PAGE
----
To the Editor: Mammoplasia (1), nonpuerperal lactation (2), and aggravation of preexisting fibrocystic disease (3) have all been reported in association with the use of selective serotonin reuptake inhibitors (SSRIs). Mammographic changes associated with SSRI use have not been reported previously, to my knowledge. This report is a description of a woman who had mammographic changes during treatment with an SSRI.
Ms. A, a 43-year-old woman with a history of dysthymia and major depression, had a normal baseline mammogram at age 35 and a normal repeat mammogram at age 40. There was no history of fibrocystic disease. Her menstrual periods were regular. She had gained approximately 6 lb and had subjective breast enlargement as a result of fluvoxamine therapy. Approximately 8 months after starting to take fluvoxamine, 50–100 mg/day, she had another routine mammogram.
The mammogram was interpreted as having "bilateral hyperdensities," and Ms. A was referred to a breast surgeon for consultation. No masses were found during palpation, and a 6-month follow-up mammogram was recommended. Ms. A chose to stop taking fluvoxamine because of concern that the mammoplasia and mammographic changes were related. A non-SSRI antidepressant was substituted, and her breasts returned to normal size. A 6-month follow-up mammogram was normal.
Mammoplasia during SSRI therapy was reported in up to 39% of patients in one study (1). The rate of mammoplasia was unrelated to age, menopausal status, or duration of treatment. Mammoplasia was associated with weight gain in 84% of the patients, and weight gain without mammoplasia occurred in 30% of the patients (1). Serotonergic antidepressants are associated with a risk of nonpuerperal lactation approximately eight times as high as the risk with other antidepressants (2).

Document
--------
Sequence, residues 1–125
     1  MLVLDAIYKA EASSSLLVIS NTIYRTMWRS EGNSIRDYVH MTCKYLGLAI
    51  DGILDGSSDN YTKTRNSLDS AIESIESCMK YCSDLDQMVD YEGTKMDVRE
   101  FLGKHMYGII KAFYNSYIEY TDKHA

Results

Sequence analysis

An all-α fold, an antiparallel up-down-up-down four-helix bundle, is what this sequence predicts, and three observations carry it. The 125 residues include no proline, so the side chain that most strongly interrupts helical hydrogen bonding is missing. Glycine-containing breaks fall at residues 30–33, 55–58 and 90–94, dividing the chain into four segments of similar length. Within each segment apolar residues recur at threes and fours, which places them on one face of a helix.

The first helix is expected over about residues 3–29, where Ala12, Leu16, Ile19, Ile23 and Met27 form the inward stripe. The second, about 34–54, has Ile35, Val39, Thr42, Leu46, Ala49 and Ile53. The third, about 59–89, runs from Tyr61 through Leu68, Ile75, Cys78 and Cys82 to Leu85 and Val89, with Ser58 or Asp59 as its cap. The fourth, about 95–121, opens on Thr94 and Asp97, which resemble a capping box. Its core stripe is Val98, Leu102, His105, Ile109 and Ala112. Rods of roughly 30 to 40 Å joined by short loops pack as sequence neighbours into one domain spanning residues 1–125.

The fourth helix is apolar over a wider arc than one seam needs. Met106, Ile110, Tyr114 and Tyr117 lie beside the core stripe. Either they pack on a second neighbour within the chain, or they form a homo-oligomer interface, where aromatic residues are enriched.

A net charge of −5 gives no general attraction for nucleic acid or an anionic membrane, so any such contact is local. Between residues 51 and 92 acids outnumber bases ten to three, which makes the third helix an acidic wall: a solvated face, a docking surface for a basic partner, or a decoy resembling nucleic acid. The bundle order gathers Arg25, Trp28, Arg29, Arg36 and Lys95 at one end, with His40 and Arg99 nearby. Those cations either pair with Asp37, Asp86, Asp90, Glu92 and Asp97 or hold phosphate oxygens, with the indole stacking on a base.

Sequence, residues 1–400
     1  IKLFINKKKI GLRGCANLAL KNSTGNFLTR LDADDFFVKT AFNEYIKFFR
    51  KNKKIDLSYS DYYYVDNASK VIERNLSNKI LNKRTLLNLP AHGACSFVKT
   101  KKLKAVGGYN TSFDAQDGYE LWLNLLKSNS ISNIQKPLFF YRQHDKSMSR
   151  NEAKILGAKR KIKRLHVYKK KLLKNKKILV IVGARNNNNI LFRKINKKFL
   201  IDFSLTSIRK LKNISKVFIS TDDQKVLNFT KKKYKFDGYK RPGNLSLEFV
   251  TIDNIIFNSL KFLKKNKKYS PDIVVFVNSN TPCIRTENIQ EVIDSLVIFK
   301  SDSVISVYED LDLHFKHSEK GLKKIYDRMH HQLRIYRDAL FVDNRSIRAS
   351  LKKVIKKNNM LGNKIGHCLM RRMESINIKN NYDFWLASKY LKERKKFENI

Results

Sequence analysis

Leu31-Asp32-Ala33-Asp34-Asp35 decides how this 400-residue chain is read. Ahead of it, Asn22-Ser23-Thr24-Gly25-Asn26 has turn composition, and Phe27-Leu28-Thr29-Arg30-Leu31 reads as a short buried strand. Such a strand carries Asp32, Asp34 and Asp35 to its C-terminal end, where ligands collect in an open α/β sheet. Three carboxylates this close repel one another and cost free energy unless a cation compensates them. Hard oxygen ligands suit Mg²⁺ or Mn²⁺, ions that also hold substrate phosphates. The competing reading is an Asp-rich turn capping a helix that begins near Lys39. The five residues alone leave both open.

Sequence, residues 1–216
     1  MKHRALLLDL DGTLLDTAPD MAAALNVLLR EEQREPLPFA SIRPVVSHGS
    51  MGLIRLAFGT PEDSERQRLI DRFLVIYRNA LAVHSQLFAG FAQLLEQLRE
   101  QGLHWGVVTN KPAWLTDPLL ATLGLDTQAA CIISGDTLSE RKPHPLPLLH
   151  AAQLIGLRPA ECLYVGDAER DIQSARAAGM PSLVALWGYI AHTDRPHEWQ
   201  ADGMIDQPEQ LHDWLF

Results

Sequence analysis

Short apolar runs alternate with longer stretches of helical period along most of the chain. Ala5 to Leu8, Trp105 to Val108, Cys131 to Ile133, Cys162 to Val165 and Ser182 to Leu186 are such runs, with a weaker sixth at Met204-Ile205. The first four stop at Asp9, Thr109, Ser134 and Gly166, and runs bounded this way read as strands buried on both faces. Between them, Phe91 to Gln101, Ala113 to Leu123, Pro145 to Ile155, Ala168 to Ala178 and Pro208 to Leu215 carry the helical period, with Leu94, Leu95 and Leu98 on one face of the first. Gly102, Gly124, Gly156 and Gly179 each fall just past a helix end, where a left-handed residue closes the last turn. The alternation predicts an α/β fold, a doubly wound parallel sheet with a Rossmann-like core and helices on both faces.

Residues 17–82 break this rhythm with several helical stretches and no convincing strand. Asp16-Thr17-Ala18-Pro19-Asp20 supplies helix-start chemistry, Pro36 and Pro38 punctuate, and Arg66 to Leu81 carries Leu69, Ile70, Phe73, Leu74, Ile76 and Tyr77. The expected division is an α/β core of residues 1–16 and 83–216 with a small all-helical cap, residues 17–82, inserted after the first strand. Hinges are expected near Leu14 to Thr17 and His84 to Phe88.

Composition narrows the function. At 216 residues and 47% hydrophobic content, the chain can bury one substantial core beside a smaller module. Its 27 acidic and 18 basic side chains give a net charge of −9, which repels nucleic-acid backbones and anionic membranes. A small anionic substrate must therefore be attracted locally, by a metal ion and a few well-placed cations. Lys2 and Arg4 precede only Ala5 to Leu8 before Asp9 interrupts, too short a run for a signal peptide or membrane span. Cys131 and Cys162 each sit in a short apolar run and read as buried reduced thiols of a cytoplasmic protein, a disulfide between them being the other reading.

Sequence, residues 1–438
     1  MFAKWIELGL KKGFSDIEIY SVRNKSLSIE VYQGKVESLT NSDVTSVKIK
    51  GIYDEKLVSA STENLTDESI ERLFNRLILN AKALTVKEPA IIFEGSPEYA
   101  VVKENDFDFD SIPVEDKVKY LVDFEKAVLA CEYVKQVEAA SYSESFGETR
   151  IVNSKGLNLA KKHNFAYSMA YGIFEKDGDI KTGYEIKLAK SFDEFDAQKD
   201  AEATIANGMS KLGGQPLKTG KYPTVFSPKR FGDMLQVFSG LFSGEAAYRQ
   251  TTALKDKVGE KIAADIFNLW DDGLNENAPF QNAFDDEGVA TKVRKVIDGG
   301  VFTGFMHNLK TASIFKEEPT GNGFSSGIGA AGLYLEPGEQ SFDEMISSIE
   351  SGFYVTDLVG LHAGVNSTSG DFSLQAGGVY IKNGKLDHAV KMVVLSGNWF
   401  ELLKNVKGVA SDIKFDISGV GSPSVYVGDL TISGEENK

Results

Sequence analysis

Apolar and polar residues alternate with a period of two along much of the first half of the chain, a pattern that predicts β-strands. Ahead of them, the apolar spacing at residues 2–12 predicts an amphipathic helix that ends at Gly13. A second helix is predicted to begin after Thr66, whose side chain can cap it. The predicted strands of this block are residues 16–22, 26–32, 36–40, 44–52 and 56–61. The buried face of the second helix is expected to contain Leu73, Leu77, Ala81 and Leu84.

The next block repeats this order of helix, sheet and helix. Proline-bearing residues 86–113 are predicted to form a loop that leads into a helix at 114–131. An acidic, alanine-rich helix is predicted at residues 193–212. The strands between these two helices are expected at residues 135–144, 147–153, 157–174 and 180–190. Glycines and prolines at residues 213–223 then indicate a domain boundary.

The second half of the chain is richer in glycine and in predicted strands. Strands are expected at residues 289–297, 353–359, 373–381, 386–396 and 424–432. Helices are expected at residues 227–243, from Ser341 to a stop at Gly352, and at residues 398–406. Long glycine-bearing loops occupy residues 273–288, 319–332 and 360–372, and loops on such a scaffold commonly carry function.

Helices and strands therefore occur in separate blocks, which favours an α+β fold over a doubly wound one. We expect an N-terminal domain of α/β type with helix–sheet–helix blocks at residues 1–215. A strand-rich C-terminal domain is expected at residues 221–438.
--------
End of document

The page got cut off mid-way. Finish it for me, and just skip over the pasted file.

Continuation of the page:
These effects are probably mediated by indirect inhibition of dopamine transmission by serotonin. As dopamine is inhibited, prolactin release is disinhibited. This report illustrates that SSRIs may cause not only mammoplasia but also mammographic changes. Clinicians should be aware of this possibility, because this effect can result not only in significant anxiety for the patient but also in referral for consultation with breast specialists who may not be aware of this association.
The clinical significance of these effects is not known. Concern has grown about the long-term risks for women of nonpuerperal elevation of prolactin levels, especially for those with a family history of breast cancer. Research is needed to assess if mammographic changes occur regularly along with mammoplasia associated with SSRI use and whether there are long-term risks associated with SSRI-induced mammoplasia.